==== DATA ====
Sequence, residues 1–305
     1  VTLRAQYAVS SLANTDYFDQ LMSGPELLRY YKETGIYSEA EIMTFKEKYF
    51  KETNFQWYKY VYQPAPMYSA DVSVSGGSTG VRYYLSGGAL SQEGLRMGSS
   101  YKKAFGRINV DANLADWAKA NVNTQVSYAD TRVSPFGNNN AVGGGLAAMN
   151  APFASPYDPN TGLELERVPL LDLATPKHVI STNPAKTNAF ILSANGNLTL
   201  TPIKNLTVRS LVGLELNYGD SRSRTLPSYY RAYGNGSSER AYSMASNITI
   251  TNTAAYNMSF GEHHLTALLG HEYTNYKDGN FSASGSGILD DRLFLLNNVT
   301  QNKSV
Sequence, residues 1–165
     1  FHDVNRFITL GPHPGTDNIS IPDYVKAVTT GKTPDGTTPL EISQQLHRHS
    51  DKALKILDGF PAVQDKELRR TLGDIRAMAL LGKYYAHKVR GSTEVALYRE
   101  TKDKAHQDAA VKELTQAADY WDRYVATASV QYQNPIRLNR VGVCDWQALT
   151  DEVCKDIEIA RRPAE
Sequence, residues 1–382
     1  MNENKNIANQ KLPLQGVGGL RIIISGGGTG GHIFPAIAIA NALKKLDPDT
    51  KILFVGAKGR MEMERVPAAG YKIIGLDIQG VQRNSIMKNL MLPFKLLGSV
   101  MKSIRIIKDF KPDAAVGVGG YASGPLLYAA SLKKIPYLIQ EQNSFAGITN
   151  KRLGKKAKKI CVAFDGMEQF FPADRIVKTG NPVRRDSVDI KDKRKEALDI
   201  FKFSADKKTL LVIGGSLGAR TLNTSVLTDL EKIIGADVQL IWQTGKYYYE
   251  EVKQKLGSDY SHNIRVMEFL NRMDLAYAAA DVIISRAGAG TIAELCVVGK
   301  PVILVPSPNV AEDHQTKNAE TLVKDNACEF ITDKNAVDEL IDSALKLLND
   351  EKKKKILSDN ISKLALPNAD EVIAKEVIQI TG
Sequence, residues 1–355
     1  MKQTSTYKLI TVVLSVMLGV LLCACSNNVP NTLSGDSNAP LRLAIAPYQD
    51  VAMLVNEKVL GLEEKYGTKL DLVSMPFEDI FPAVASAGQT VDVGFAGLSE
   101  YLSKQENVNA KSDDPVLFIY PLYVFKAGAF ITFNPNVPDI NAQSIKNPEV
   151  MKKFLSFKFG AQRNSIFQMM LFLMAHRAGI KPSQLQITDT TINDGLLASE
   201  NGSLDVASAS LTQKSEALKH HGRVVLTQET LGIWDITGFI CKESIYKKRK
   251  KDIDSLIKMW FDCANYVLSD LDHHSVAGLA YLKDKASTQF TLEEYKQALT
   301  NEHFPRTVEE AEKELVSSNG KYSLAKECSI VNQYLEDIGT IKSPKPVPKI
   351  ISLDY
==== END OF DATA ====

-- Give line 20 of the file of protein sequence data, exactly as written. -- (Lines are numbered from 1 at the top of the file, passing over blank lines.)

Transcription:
   251  EVKQKLGSDY SHNIRVMEFL NRMDLAYAAA DVIISRAGAG TIAELCVVGK